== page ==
Utah Congressman Jason Chaffetz says he wants to move beyond the “bumper-sticker” slogans that are lobbed against his bill allowing states to collect sales taxes off everything their residents buy online.
But along the way he throws out an argument of his own that, while perhaps a bit large for a bumper sticker, is nevertheless far more complicated than he makes it seem. It goes like this: People today walk into a retail establishment, test a product, then whip out their smartphones and order it online so they won’t have to pay sales tax, which is unfair to the retailer.
Chaffetz, who visited the combined editorial boards of the Deseret News and KSL recently, is carrying on a fight that has raged for at least two decades. At its heart, it concerns how you have learned to shop online and how much you’re going to pay.
It is a fight in which Utah long has been at the forefront. Former Gov. Mike Leavitt once led the charge as head of the National Governors Association. Today there is an impressive bipartisan unanimity among Utah’s political leaders, from Gov. Gary Herbert and Salt Lake Mayor Ralph Becker to state Sen. Curt Bramble, all leaders in their own national political organizations.
“I’m supposed to fight for what the people of my state want,” Chaffetz said. Whether it is winnable, however, remains to be seen.
But one thing is certain: When it comes to how we buy, sales taxes, and even price, are not always deciding factors.
A recent study by the professional services network PricewaterhouseCoopers found that only 32 percent of shoppers check out products in stores and then buy them elsewhere online.
On the other hand, 30 percent do the opposite. That is, they shop online for a product they want then go to a local retailer and buy it.
The former practice is called “showrooming;” the latter is called “webrooming.”
The same survey found people who buy online do indeed prefer lower prices, along with the convenience of 24-hour shopping. But those who buy in person do so for the tactile experience and the convenience of getting what they want immediately, without having to wait for shipping. They also like being able to return or exchange an item quickly.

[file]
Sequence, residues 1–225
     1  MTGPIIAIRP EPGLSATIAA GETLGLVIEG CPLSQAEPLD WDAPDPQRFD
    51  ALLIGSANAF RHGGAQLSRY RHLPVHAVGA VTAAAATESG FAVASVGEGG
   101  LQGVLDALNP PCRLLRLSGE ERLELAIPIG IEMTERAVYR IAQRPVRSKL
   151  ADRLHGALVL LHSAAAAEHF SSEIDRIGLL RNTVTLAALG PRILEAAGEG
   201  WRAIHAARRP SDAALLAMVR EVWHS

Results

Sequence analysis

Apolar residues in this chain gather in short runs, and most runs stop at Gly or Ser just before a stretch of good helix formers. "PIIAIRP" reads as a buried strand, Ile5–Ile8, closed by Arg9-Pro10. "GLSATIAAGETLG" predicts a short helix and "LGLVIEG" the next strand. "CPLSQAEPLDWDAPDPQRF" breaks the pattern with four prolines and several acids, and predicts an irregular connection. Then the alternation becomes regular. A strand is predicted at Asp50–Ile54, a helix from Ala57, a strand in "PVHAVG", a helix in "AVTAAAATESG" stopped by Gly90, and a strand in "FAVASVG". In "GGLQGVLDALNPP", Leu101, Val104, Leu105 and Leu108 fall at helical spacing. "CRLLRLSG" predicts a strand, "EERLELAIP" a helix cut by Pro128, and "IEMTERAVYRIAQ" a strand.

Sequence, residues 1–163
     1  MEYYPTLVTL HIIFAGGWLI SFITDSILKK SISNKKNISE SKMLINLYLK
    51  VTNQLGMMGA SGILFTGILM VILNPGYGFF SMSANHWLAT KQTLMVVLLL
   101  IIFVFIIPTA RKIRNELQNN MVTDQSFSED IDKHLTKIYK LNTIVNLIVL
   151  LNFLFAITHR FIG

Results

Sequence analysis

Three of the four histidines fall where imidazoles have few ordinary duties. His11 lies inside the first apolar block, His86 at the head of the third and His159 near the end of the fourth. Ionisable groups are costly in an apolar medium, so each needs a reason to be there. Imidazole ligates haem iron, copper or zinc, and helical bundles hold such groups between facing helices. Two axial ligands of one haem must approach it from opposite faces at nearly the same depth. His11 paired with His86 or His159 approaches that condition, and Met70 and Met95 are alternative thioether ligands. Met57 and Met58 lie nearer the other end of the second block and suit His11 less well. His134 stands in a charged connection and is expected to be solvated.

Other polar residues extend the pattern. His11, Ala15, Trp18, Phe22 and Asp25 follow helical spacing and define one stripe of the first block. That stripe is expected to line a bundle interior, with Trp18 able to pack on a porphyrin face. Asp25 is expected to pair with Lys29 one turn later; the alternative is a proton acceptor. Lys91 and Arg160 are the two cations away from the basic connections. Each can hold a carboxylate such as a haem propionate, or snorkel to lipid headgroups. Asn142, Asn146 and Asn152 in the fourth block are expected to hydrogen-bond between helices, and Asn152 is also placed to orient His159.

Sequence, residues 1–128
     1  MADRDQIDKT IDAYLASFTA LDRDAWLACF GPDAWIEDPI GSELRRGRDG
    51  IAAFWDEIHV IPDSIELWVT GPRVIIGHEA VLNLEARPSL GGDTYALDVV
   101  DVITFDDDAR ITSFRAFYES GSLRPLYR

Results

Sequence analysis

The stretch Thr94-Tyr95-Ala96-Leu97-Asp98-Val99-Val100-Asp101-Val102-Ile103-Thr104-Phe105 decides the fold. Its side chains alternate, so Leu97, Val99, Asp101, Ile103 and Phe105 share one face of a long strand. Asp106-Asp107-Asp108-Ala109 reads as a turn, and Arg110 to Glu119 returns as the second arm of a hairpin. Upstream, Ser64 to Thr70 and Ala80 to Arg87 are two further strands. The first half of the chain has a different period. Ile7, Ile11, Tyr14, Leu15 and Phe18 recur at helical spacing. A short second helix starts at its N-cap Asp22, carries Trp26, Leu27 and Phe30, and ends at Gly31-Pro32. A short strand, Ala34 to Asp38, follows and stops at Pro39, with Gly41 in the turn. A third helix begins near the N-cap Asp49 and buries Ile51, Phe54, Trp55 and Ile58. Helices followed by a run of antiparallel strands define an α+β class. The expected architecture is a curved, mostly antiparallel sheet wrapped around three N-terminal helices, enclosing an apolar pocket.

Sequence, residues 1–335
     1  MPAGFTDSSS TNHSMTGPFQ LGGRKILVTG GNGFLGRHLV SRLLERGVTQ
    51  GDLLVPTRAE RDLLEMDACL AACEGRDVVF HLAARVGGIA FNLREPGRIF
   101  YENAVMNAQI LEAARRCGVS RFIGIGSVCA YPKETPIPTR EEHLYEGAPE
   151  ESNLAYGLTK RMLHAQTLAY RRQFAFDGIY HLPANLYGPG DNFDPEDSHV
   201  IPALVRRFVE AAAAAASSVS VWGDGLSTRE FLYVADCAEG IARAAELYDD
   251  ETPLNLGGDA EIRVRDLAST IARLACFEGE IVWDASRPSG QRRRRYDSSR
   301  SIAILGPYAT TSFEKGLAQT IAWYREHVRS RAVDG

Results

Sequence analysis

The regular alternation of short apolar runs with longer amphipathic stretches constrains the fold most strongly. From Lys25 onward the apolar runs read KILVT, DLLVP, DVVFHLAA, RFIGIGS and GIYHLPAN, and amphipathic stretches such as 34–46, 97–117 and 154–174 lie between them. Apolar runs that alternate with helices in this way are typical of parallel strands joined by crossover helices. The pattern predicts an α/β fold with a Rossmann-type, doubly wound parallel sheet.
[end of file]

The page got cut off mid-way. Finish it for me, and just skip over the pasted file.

Humans are complicated. Who knew?
So set aside the arguments about how the brick-and-mortar stores are suffering because of online sales. A lot of them have their own websites, anyway. The conservative argument in favor of allowing states to gather taxes from the things their people buy online centers on parity. As Chaffetz puts it, if you are obligated to pay the state a tax for purchasing a product from one seller, you shouldn’t be able to skirt that obligation by buying from another seller.
But there are other supposedly conservative arguments in the mix here, mainly having to do with taxation and business.
Over the years, this battle has tended to collapse under the weight of its own complicated nature, as well as because of one important consumer truth: Few people want to pay more taxes.
Chaffetz would call that another bumper-sticker misconception. In Utah, lawmakers passed a law that won’t let the state collect any more revenue because of online taxes. The overall tax rate actually would have to come down to accommodate the windfall.
But in many other states, collecting taxes from Internet purchases would suck more money from the economy, which is a delicate proposition in the post-recession era.
Chaffetz has tweaked his bill, called the Remote Transactions Parity Act, from earlier versions, to protect small online businesses in various ways.
Meanwhile, however, businesses already are required to collect taxes in any jurisdiction where they have a physical presence, a term that is much more complicated than it appears. It has led to a strange patchwork online that can be confusing to consumers.
The problem here is twofold. First, the 21st-century economy has innovated itself to a point where old tax structures no longer seem fair, effective or conducive to innovation. Second, the 21st-century world revolves around bumper stickers.
Chaffetz would do well to find one that best argues his point.